Curve has partnered with Crowdcube, the world's first and largest equity crowdfunding platform. Luke Lang, Co-founder of Crowdcube, explained how the campaign was proof of “harnessing the power of community...into a strategic business milestone.”


In August 2019, Arival, a Singapore-based digital, crypto-friendly bank, exceeded its crowdfunding target of £700,000 by raising nearly £1.2 million in equity crowdfunding. Funds will be used to expand the development of the Arival platform, as the company has applied for an International Financial Services Act banking license in 2018.


Hardbacon, a Montreal-based company focused on making stock investing simple and profitable for everyone, launched an equity crowdfunding campaign on FrontFundr in June, allowing their clients to invest in the company. The round of financing allowed customers to become Hardbacon shareholders for investments between $99–$10,000. The money raised would be used to hire software developers, a product manager, and a sales resource to enable precise target marketing.


Veriglif is a global verified data network that allows all data stakeholders to connect, transact, and maximize the value of consumer data assets. The company launched a crowdfunding campaign for its users, who can become a shareholder for as little as $1,000. It has raised $224,842 to date and is using the crowdfunding opportunity to invite customers to participate in its success while helping the company reach its objectives faster.


In 2017, Revolut opened a $5.3 million equity crowdfunding to its customer base to over 40,000 pre-registered investors via Seedrs, an online investing platform. Revolut users who signed up to Revolut Premium were able to invest twice as much as regular investors.

CEO Nikolay Storonsky said, “Word of mouth by our loyal customer base is the reason that Revolut has achieved so much. As a token of our appreciation, we are offering them the chance to play a longer-term role in the FinTech revolution by owning equity in a fast scaling FinTech as we embark on our global mission.”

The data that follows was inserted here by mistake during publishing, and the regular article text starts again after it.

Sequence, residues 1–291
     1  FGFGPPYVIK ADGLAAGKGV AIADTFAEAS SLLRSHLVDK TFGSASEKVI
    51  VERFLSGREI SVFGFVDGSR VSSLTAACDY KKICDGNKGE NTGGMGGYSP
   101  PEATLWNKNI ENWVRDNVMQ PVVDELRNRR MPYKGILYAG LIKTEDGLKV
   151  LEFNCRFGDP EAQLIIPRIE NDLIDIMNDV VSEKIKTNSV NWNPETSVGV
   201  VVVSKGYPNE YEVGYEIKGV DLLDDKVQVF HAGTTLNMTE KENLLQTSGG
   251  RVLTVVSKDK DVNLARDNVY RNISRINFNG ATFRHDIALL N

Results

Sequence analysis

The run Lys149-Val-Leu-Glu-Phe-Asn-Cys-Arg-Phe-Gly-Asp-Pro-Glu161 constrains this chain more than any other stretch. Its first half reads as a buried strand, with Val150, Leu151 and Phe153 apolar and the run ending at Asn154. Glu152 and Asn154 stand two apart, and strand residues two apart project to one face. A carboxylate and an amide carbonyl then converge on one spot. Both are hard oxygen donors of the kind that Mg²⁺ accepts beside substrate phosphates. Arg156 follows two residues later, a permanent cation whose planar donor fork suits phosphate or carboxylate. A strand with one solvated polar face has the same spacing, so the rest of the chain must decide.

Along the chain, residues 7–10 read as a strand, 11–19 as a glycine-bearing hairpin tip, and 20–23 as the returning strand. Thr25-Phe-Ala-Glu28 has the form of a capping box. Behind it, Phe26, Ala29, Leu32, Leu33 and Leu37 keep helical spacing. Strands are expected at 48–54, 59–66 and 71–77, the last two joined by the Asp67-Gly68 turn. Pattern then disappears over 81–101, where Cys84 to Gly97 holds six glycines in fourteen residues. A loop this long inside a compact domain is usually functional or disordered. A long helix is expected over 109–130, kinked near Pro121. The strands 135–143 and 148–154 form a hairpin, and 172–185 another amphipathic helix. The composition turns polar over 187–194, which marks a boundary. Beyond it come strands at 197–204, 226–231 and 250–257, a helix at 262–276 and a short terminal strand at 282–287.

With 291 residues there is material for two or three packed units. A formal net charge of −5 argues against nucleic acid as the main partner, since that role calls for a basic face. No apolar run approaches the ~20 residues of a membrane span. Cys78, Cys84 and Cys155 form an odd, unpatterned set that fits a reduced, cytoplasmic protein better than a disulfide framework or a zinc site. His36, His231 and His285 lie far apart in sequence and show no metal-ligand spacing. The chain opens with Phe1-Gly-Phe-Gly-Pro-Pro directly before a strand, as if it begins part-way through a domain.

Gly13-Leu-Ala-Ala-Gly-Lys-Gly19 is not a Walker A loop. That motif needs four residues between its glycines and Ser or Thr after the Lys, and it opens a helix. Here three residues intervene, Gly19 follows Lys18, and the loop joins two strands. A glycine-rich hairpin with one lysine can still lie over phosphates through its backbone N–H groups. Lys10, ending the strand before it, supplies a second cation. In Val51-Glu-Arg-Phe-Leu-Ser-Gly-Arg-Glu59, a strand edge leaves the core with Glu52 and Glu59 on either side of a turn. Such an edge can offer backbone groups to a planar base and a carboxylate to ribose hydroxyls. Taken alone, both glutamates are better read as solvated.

As of August 2018, investors who backed Revolut realized returns of ~ 19x on their original investments.


Australian neobank Xinja raised $2.6 million from its second equity crowdfunding campaign from 1,447 investors, 203 of whom were repeat investors. Founder Eric Wilson admitted having customers on board as shareholders added a certain element of pressure in a good way. “A lot of customers are investors, and they’re so passionate about it, they will pick up the phone and tell us if they love something or if they hate something… A super competitive advantage for us.”

Democratization of Fundraising

While organizing exclusive fundraising rounds for customers is not a substitute for expert guidance provided by established venture capitalists, companies can use these initiatives to increase investor confidence and unveil new growth opportunities. Offering customers equity as a form of gratitude creates a large volume of loyal supporters, an intangible value that exceeds any marketing investment.

While the chance of monetary profit is a strong motivator for customers, they also prioritize passion for the product and vision and a strong relationship with the venture they invest in. The customers’ investment works as a massive vote of confidence, spurring on a climate of innovation within the company. The additional capital injection increases a company’s chance for success without being impeded by interest payments.

Ultimately, equity crowdfunding for customers is a viable solution as it commercializes innovation, creates jobs, and brings returns to investors beyond the circles of venture capitalism. Democratizing fundraising avenues shifts the spotlight from accredited venture capitalists to customers, the segment that keeps FinTechs operating.